Gore went on to indict the administration for stonewalling the bipartisan commission formed to investigate September 11 and called attention to press reports that Bush was specifically advised more than a month before the attacks on New York and Washington that Al Qaeda was planning to hijack airplanes in order to carry out terrorist strikes on US soil.

The former vice president charged that the same modus operandi of secrecy and deceit was evident in the administration’s environmental policy.

A recurrent theme in Gore’s speech was the subversion of democratic norms and constitutionally protected rights. He accused the Bush administration of “frustrating the normal and healthy workings of our democracy” and using tactics “that deprived the American people of any opportunity to effectively subject his arguments to the kind of informed scrutiny that is essential in our system of checks and balances.” He condemned the abrogation of democratic rights in the name of fighting terrorism, including the administration’s assertion of the right, based on the president’s say-so, to imprison US citizens without charges, a trial or the right to legal counsel.

The implications of Gore’s speech were unmistakable. The US government has been taken over by a clique that rules through methods that are thoroughly antidemocratic and unconstitutional. It uses its power to carry out preemptive wars abroad and loot the economy at home for the benefit of a powerful and wealthy elite. It employs misinformation to cover its tracks, while amassing unprecedented police-state powers.

The role of the Democrats

Gore’s description of the Bush administration, as far as it went, was accurate. But it raised questions that Gore made no attempt to seriously address. How was it possible for such a state of affairs to arise? Where was the Democratic Party when these policies were being implemented? Why did Gore’s party, which claims to represent the interests of the common man, allow the Republican right to ride roughshod over the basic interests and rights of the American people?

Gore’s gesture toward addressing such questions was a lame evasion. “Maybe one reason that false impressions have played a bigger role than they should,” he said, “is that both Congress and the news media have been less vigilant and exacting than they should have been in the way they have tried to hold the administration accountable.... It seems obvious that big and important issues like the Bush economic policy and the first preemptive war in US history should have been debated more thoroughly in Congress...”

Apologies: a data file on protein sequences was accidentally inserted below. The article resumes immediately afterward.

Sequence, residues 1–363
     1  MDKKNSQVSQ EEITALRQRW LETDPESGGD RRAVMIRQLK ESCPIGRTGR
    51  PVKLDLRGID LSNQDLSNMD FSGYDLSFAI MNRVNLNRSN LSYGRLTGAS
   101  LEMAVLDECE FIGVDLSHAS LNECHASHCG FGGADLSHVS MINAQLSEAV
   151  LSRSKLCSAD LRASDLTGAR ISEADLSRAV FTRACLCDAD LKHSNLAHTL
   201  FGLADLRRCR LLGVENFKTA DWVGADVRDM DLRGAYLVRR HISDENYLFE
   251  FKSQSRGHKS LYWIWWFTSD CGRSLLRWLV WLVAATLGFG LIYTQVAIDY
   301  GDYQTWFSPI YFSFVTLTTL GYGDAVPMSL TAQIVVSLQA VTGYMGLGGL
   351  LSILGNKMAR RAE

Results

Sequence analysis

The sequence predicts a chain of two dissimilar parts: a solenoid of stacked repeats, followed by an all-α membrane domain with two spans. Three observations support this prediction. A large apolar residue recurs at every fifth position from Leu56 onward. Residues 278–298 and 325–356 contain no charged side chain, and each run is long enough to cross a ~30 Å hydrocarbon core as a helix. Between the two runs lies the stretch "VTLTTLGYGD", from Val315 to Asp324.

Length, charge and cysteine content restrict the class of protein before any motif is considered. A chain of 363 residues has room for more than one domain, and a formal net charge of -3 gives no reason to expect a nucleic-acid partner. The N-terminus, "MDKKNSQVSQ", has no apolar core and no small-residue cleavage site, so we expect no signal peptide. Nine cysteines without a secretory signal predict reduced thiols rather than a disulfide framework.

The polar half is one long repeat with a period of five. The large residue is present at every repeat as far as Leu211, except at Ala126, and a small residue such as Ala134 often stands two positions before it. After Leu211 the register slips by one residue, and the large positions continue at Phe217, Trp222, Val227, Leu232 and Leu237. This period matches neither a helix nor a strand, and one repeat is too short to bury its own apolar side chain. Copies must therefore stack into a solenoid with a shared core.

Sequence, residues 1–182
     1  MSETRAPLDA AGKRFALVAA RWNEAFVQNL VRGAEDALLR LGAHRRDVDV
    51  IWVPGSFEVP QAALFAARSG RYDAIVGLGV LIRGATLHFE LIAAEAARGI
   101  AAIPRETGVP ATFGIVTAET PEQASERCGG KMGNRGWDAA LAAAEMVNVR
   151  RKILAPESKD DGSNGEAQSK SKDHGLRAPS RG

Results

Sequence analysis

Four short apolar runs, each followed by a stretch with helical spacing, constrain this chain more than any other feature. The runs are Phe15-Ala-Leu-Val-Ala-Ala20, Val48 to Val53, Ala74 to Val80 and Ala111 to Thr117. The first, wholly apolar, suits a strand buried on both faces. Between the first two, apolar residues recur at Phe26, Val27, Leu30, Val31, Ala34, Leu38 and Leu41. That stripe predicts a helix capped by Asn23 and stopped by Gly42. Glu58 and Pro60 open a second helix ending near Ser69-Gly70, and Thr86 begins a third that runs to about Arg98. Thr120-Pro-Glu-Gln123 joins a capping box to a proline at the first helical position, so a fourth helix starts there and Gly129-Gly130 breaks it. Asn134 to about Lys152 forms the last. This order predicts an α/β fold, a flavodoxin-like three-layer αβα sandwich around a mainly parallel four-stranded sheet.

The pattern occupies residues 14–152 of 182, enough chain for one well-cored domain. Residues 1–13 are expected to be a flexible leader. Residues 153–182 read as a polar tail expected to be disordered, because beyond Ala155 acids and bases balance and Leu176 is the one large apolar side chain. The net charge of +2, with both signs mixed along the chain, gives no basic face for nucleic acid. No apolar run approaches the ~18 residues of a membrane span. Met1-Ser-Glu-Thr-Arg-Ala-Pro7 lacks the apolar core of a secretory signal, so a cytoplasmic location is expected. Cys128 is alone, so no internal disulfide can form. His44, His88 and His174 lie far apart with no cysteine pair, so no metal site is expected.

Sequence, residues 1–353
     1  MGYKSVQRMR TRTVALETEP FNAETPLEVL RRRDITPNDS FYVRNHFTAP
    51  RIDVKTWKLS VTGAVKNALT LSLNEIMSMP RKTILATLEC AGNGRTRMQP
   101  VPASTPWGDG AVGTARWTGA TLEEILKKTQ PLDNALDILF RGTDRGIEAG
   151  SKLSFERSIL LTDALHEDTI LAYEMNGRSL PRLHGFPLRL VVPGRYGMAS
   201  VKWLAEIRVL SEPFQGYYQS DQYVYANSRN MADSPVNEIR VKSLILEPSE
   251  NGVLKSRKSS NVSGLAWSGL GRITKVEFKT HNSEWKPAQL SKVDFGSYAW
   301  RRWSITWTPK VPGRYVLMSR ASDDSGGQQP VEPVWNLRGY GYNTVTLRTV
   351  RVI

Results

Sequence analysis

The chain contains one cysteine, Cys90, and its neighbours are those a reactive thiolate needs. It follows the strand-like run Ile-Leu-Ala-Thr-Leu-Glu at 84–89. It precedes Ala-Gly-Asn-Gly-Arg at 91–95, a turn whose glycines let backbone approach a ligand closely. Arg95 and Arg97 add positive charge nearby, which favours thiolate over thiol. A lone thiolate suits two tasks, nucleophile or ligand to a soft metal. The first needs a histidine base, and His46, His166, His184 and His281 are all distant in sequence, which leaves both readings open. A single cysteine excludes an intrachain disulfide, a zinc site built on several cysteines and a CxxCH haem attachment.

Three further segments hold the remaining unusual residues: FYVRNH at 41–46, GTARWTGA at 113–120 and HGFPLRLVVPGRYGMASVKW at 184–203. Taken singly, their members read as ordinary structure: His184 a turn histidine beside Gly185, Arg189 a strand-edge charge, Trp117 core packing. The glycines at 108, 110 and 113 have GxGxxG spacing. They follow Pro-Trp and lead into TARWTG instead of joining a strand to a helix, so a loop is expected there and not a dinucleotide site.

Obvious indeed! So obvious that Gore’s pose of puzzlement over the lack of any significant opposition from the Democratic Party cannot be taken seriously.

The Democrats are, in fact, complicit in the campaign to deceive the American people and justify military aggression against Iraq. They have capitulated on every major political question—from tax giveaways to the rich, to cuts in social programs, to unprecedented attacks on democratic rights.

The Democratic Party, it should be recalled, controlled the US Senate from the end of May, 2001 until January of this year, during which time it provided indispensable support for the antidemocratic Patriot Act as well as the congressional resolution authorizing Bush to carry out his preemptive war against Iraq.

Nor did the reactionary policies of the Bush administration, as one might surmise from Gore’s speech, come out of the blue. The preceding Clinton-Gore administration presided over the Democratic Party’s final repudiation of the social reformism with which the Democrats had been identified in an earlier period. It oversaw an escalation of American militarism, launching US bombings or interventions against Iraq, Yugoslavia, Afghanistan and Somalia. Its actions helped pave the way for the political agenda that the Bush administration is now so ferociously pursuing.

Gore himself played a crucial role in delivering the White House to those whom he now indicts. He adapted himself to the impeachment conspiracy against Clinton and, in the 2000 election, despite having won half a million more votes than Bush, quickly acquiesced in an electoral coup by the allies of the Republican right on the US Supreme Court, which halted the counting of votes in Florida and installed Bush in the White House.

Since the 2000 election, the policy of Gore’s party has centered on concealing the real implications of the Bush administration’s policies from the American people and covering up for its crimes.

For whom does Gore speak?

Gore himself is neither a political innocent nor an independent actor. The former vice president is the son of a US Senator and scion of a prominent political dynasty. He knows far more than he chose to reveal in his New York University speech, including the fact that the Republican Party and the Bush administration are beholden to forces of an outright fascistic character—from the Christian fundamentalist right, to unreconstructed white supremacists and anti-Semites, to gun-crazed terrorist elements, to forces in the corporate elite who consider any restraints on private wealth and profit an intolerable infringement on the prerogatives of capital.